The Digital World Young People and Parents Want
In support of the California Kids Code, the GoodforMEdia team provided testimony to the California State Assembly about how to improve online experiences for young people. Hear more from young people.
Teens Speak Out
Young people across California and the country spoke out in support of the California Kids Code
How Does the Kids Code Work?
The Kids Code requires companies to consider the privacy and protection of children in the design of any digital product or service that children in California are likely to access.
We know the practical impact this can have on children, because the Kids Code is based on a UK law that has already prompted Silicon Valley’s biggest names to innovate in the best interests of US and UK children. For instance:
- YouTube and Google announced a policy framework that requires the development and design of age appropriate products.
- Google has made SafeSearch the default browsing mode for all under 18s.
- YouTube has turned off autoplay for under 18s and break and bedtime reminders are turned on by default.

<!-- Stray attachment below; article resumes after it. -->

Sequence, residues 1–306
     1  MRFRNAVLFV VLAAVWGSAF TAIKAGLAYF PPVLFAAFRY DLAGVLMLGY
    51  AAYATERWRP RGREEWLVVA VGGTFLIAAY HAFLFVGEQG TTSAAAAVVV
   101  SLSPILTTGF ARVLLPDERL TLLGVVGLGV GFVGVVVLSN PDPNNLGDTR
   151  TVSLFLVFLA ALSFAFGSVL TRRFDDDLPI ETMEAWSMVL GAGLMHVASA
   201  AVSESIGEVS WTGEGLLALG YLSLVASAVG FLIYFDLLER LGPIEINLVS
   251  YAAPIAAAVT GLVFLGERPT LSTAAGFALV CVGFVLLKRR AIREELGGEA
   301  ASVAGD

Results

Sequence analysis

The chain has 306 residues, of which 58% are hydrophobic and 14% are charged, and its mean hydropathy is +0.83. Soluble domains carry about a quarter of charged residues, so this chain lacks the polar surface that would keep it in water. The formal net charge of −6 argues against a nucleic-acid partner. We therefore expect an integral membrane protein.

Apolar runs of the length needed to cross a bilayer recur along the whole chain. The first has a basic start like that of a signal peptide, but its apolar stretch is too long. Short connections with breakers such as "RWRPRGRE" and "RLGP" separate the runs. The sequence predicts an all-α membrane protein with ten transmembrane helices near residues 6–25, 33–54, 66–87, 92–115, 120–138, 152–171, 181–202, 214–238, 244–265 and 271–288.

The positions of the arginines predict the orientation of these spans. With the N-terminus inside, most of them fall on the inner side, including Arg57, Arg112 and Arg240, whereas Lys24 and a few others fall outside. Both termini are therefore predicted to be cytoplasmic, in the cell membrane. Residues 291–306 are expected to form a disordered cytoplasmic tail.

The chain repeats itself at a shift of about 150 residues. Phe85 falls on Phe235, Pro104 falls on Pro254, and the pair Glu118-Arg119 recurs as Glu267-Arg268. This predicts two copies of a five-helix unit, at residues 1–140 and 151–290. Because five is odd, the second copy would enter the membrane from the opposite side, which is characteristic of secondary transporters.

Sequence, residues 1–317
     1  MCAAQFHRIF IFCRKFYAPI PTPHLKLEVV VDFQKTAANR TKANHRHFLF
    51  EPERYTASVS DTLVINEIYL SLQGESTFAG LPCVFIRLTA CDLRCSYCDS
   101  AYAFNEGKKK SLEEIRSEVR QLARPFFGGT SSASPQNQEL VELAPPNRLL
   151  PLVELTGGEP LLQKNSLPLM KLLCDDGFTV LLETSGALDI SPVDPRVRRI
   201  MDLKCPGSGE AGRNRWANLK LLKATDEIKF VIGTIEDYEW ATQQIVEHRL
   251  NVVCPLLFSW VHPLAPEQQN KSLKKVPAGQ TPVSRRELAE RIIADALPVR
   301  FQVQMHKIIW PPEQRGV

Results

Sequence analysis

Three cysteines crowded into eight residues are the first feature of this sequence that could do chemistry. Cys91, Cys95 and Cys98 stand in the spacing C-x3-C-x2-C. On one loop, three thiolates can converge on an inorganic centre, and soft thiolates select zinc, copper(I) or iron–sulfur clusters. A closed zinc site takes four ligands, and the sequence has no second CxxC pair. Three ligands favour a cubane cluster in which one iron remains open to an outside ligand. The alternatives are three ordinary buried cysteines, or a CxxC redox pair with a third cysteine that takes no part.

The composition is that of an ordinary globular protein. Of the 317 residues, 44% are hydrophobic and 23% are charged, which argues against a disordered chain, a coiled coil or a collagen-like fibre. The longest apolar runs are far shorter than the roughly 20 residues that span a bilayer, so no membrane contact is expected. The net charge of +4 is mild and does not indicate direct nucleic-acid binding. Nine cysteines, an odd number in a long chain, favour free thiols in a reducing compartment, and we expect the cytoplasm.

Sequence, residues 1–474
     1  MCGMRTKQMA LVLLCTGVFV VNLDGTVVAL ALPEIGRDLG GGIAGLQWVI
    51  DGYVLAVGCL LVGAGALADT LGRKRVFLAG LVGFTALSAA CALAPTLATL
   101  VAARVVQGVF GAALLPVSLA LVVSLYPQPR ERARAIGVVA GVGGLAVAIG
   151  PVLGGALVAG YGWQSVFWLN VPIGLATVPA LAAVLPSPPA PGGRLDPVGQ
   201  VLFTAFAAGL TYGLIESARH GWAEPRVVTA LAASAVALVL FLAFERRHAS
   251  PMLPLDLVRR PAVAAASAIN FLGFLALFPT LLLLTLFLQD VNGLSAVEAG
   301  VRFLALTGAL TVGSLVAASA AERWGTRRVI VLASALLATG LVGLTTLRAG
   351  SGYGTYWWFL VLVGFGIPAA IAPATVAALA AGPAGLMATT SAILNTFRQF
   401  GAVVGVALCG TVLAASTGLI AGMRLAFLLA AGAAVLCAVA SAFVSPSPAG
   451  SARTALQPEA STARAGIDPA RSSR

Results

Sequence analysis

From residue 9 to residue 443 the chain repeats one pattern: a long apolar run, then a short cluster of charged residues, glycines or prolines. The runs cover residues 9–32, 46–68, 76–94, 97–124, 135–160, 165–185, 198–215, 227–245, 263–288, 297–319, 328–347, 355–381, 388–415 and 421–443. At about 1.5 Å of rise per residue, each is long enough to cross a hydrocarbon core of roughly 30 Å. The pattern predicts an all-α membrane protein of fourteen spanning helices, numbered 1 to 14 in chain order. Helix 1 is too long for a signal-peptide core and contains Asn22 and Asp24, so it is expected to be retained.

- TikTok and Instagram have disabled direct messages between children and adults they do not follow.
- The Google Play Store now prevents under 18s from viewing and downloading apps rated as adult-only.
These are just a handful of changes that will make children’s experience online safer.
A Proven Framework
Children deserve the protections achieved with the Kids Code
Big Tech’s Attempts to Undermine the California Kids Code
Shortly after the Kids Code was signed into law in California, NetChoice — a coalition of trade associations representing the country’s largest tech companies — filed a lawsuit against the Kids Code, arguing the law “violates free speech rights under the First Amendment.”
In September 2023, the District Court for the Northern District of California granted a preliminary injunction against the Kids Code, preventing the law from going into enforcement. California Attorney General Rob Bonta has appealed and a decision is expected in the Ninth Circuit Court of Appeals in Spring 2024.
Groups representing nearly 2 million educators, physicians, legal experts, tech whistleblowers, technologists, plus 21 bipartisan state Attorneys General, and the FTC have filed amicus briefs urging the Ninth Circuit to block Big Tech’s effort to weaponize First Amendment, overturn the nation’s first comprehensive children’s privacy law and imperil existing consumer safety laws.
Response to Big Tech’s Lawsuit
Advocates and experts filed amicus briefs countering Big Tech’s attack on the landmark Kids Code legislation